Code of Princess review: holding down the laughter

Game Info
Platform 3DS
Publisher Atlus
Developer Agatsuma Entertainment
Release Date 2012-10-09

Code of Princess is a bad role-playing game masquerading as parody. It's a platter of half-finished ideas glued to the typical party-of-heroes-saves-the-world structure seen in most Japanese RPGs.

And it's not just the structure. Code of Princess rolls up every RPG stereotype and cliché imaginable. Its cheesy dialogue pokes fun at genre staples like leveling up and farming for experience points, but shallow characters and a jerky plot yield a lackluster story. The equally boring beat-em-up mechanics are tedious and repetitive.

Although Code of Princess features briefly entertaining caricatures of the life-or-death hyperactivity that Japanese RPGs are known for, it's an embarrassing homage at best.

The colorful cast of Code of Princess is brought together by main character Princess Solange. The titular Princess assembles the ragtag gang of misfits while traveling the world on a quest to stop an evil queen. All of the usual suspects are here: You've got the scantily-clad heroine, the tomboyish thief, the surly mage, the obnoxious bard, the token damage-soaking tank, the samurai, the stern mother figure, and the furry.

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Code of Princess is self-aware. It knows its roots: stereotypical RPGs stuffed with overdramatic archetypes and worn clichés. The script's attempts at humor work sometimes, eliciting a few chuckles with lines like "We really need a healer and, no offense, but you're a bard," and "You could farm XP all day and still be useless."

But Code of Princess' merry band of job class stereotypes is underutilized in the gameplay. The single-player campaign limits you to one character at a time. Once a character's introductory level is completed, they can be used in all subsequent levels. While the cutscenes present a group of oddball personalities traveling the world, your teammates provide no backup or AI-driven help within levels — a tweak that would have improved on the story, lessened the grind and helped during the game's overly difficult boss battles.

Aside from those cheap boss battles, Code of Princess presents very little challenge. The game's quest system is dull to the point of monotony. Each quest is split into an individual level that opens with a cutscene, progresses into a battle segment and either ends with another cutscene or directly after defeating a boss. Opponents spend whole battles running blindly into set pieces without moving to attack.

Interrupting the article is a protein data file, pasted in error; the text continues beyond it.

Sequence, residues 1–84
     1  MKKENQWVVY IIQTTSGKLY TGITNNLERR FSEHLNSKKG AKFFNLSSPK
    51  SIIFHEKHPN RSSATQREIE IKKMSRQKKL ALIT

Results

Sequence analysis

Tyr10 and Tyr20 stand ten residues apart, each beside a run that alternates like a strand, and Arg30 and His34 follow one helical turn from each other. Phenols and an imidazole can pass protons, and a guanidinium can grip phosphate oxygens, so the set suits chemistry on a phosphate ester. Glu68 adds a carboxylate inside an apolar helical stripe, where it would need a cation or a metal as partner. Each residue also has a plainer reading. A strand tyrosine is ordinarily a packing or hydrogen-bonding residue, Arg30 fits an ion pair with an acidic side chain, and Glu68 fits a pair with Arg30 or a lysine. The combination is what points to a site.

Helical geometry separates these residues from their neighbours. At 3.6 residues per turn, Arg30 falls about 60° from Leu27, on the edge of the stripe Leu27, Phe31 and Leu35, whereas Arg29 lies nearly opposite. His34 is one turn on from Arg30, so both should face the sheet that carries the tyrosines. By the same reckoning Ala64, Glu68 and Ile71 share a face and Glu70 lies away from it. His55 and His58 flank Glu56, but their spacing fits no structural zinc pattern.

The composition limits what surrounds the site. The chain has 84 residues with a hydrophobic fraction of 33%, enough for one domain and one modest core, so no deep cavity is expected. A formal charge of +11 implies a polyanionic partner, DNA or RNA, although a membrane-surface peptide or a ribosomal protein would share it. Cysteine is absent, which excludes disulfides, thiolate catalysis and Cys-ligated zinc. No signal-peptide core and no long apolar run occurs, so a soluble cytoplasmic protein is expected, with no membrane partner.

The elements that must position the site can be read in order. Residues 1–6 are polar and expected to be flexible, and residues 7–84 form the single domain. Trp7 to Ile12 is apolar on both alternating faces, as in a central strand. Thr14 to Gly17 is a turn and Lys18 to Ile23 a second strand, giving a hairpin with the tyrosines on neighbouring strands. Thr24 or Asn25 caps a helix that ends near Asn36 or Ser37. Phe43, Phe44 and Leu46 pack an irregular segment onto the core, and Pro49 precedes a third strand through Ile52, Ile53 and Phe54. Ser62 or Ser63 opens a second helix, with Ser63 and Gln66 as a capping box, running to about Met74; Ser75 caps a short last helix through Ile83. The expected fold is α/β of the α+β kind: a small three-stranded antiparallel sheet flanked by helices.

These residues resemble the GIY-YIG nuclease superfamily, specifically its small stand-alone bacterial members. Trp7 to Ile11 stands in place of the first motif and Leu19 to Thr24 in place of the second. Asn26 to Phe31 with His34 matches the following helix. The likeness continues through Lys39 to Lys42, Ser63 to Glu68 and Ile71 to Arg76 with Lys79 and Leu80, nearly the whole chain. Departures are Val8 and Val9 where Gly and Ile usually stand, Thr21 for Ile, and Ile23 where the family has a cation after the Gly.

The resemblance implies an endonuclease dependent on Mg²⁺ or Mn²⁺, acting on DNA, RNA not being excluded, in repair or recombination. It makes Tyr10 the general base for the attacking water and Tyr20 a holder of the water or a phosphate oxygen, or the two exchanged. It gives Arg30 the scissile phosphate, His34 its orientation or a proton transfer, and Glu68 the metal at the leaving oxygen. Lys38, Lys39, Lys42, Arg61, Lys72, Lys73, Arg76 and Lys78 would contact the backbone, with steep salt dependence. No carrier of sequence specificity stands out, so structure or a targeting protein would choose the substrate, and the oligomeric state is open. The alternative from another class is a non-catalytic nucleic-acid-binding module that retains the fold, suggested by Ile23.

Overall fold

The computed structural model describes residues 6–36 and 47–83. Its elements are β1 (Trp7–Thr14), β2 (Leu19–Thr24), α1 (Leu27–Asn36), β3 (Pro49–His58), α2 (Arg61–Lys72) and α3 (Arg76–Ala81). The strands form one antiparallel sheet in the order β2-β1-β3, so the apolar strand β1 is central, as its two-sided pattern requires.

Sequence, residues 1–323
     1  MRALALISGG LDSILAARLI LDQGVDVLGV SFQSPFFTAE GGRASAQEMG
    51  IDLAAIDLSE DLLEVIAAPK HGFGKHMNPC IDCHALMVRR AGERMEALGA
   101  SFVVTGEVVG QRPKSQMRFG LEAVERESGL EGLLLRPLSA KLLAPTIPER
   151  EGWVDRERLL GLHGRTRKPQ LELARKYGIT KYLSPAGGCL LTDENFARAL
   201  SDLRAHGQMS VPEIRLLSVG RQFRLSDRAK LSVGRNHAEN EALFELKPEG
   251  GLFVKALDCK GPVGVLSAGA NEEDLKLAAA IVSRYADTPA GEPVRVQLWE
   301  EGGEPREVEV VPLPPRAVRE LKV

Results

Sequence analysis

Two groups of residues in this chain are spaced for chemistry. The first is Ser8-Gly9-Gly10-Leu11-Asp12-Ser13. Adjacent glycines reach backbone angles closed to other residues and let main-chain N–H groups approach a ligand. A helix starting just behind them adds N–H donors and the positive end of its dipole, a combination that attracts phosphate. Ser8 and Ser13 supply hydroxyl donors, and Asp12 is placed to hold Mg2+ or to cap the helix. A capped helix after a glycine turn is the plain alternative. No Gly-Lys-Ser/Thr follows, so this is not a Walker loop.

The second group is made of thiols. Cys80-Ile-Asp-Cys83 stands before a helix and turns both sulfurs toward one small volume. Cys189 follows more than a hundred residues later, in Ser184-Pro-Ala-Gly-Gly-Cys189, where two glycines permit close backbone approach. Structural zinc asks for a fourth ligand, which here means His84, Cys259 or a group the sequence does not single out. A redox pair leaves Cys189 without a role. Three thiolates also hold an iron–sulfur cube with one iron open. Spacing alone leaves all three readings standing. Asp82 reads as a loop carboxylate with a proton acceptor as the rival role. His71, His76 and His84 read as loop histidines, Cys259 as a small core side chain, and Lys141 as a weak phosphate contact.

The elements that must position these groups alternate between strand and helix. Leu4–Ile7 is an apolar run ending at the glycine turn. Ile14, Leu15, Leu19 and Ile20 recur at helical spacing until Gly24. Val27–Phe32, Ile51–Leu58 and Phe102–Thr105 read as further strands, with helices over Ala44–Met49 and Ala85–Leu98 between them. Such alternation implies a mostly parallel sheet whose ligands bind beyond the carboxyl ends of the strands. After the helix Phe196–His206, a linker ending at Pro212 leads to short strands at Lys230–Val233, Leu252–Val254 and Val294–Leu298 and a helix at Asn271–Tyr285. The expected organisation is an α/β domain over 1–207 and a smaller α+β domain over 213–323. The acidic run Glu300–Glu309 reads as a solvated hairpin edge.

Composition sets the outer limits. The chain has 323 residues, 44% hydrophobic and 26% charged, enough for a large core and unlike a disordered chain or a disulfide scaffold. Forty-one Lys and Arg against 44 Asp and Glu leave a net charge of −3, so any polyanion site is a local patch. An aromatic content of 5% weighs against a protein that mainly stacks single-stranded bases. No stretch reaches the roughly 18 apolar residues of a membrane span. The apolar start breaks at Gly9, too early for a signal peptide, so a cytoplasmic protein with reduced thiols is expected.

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Code of Princess' band of job class stereotypes is underutilized in gameplay

Despite its obsession with RPGs, Code of Princess' levels play out in classic beat-em-up format, with each character using their own established skillset. Attacks can be chained together for a string of hits, but failure to chain leads to an awful cooldown time. Combat breaks down into mindless button-mashing as you slog through a relentless tide of enemies.

Don't expect a better experience in multiplayer. The terrible enemy AI doesn't improve for co-op quests. Versus mode offers ranked and free play versions as well as an "ultimate" mode, but the only difference is the presence of leaderboards in ranked play. Matches are blitzed through in under a minute and yield virtually no experience points or items as rewards, much less any fun.

Of course, that's if you can get Code of Princess' multiplayer to function at all. It took as many as 10 tries to find lobbies that a friend created. Even starting password-protected lobbies didn't help. The game's multiplayer simply doesn't work most of the time and isn't worth the effort the rest of the time.

Wrap Up:

Code of Princess' lazy mish-mash of ideas never rises above the level of shameful mockery

When Code of Princess tries to be an RPG, it's dragged down by minimal character development and choppy pacing. When it tries to be a beat-em-up, it suffers from boring combat. The JRPG genre is ripe with overused characters and plot points worth joking about, but the game's lazy mish-mash of half-assembled ideas rarely made me laugh. Code of Princess wants to be a clever parody, but it never rises above the level of shameful mockery.

Code of Princess was reviewed using retail 3DS code provided by Atlus. You can find information about Polygon's ethics policy here.

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